Singtel is in hot soup after stirring trouble using a smear marketing campaign on social media using influential bloggers. Telecommunication rivals Starhub and M1 are now exploring possible legal actions against Singtel.
The Singapore-based telecommunications company hired influencer marketing company Gushcloud in June 2014 for a marketing program targeting the youth segment of mobile device users.
Singtel commissioned Gushcloud to engage social media influencers such as bloggers to badmouth Starhub and M1 by making complaints about their rivals' services and at the same time promote Singtel's youth mobile plan.
Not only did Singtel resort to using underhanded methods of marketing by hiring a seedy marketing firm to carry out their dirty work, they failed to address the gravity of the issue and consequences by choosing to remain tight-lipped about this situation.
A statement from Johan Buse, Singtel’s vice-president of consumer marketing to the press is as follows:
“As an organisation, we maintain high marketing standards and do not condone negative campaigns or publicity against any individuals or organisations. Our focus has always been on the strength and differentiators of our products and services.
“We apologise for this isolated incident. We will emphasise to our staff and agencies our marketing standards and the importance of adhering to industry guidelines including the Singapore Code of Advertising Practice."
Mr Buse need not emphasise the importance of adhering to industry guidelines to his staff at Singtel and its agencies if they had already possessed the integrity and knowledge of marketing ethics in the first place.
Examining The Reason Why Singtel Gave the Green Light for A Smear Campaign
In a statement issued to the media on Tuesday (March 17), Singtel's vice-president of Consumer Marketing Johan Buse, said investigations revealed that staff who worked with Gushcloud on the marketing campaign in June last year "did not adhere to Singtel's marketing standards." - Channel News Asia, March 2015
Singtel's VP of Consumer Marketing or another senior executive could not have been unaware of this campaign. In fact, a senior marketing executive should have approved the campaign before allowing it to run.
Mr Buse also said that the smear campaign was a "niche" one, "targeted at a narrow customer segment" when it was clearly targeted at a large segment of youths in Singapore.
Singtel issued vague details as to who was the person or which people were responsible for approving the smear campaign. Instead, they pushed all the blame to "a marketing staff" which to date no one knows what happened to that particular member of staff.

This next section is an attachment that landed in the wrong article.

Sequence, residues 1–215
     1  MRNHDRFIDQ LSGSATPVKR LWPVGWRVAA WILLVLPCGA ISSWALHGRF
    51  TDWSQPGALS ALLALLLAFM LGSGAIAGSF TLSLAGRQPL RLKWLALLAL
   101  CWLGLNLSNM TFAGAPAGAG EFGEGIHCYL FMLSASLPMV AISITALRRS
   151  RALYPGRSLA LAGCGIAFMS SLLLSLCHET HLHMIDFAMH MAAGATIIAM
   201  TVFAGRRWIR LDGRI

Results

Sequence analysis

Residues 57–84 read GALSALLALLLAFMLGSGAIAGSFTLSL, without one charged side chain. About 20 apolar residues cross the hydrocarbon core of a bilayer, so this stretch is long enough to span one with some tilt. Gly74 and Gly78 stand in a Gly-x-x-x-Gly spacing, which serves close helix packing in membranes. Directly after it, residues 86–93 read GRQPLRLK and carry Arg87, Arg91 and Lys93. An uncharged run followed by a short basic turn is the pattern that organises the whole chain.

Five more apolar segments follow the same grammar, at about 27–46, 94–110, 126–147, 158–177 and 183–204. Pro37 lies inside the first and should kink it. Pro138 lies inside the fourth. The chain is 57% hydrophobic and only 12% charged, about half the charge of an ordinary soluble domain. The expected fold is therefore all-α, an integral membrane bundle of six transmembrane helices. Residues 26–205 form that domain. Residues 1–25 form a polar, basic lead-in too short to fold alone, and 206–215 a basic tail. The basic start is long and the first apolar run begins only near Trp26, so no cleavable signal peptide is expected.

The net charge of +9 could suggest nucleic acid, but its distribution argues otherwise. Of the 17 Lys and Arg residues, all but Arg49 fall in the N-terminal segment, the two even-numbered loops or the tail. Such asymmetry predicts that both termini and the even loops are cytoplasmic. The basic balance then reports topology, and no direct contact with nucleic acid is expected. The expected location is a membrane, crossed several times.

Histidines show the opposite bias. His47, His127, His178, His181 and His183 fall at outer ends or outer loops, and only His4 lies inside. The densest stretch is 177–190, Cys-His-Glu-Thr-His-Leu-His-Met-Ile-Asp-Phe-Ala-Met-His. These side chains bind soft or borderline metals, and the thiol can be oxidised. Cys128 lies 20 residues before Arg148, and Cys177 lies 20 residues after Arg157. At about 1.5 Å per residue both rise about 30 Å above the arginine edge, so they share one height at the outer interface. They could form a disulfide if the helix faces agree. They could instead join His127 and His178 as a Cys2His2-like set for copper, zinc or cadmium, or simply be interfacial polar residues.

Hiring Non-marketing professionals
The VP of Consumer Marketing at SingTel and Gushcloud probably have had no formal background in marketing. They were not trained marketing professionals and studied vastly different disciplines from marketing communications. For example, the founders of viral marketing agency Gushcloud have degrees in business and science which are unrelated to marketing.
SingTel's marketing executive Mr Buse did not reveal his educational qualifications and is a European expat who does not speak Mandarin, Malay, Tamil or other local/ regional Asian languages. His background looks more of a telco business/ product person than a marketing professional.
In reference to a consumer complaint on Singtel's Facebook page that drew 12,000 likes in two hours, Mr Buse said:
“If you start a dialogue, if you respond in a personalised manner, customers will understand and the situation can be demystified,” he explained.
“When you get bad PR, the important thing is to keep the customer informed. Our customer service team has been working overnight to give people advice on our data bundle.” (Mr Buse as quoted by Mumbrella Asia during an APPIES speech in August 2013)
The reverse of what Mr Buse addressed in his speech could be said about his response to the current situation where Singtel is gathering plenty of bad press yet prefers to keep mum about the issue instead.
In conclusion, if you put people who are unfamiliar with the simple core principles of marketing in charge of your brand marketing, this is what happens.
SingTel wanted to change their brand identity after a survey in 2011 where consumers touted them as "stiff, boring, arrogant, robotic, cold and unfriendly".
Mr Bose said "We found that Singaporeans love Google, Apple, Shangri-La and Singapore Airlines. But not us.” (Mumbrella Asia, August 2013)
To date, it seems that the company has only managed to present change on the surface level. Internally, they are still a traditional company hiring business and telco heads with no marketing qualifications to lead their consumer marketing department.
Hokey Singapore viral marketing agency Gushcloud
Gushcloud who engages social media influencers such as bloggers for marketing campaigns has a questionable quality of staff who lack the core marketing principles and professionalism enough to provide such ill advice to their client resulting in the launch of an unethical smear campaign where both their client and themselves have plenty to answer for.
Worse still, after making a mistake, Gushcloud still appears unapologetic and tries to shift some blame to blogger Xiaxue that ratted them out, saying it "hurts the industry".
Conversely, Xiaxue would now appear to have more integrity and credibility than Singtel and Gush Cloud.
The inability to fully admit one's mistake and resorting to the blame game just demonstrates that the management and communication team at both Gush Cloud and Singtel failed to understand what they did was wrong and are just paying lip service to the public - apologising for the sake of apologising.
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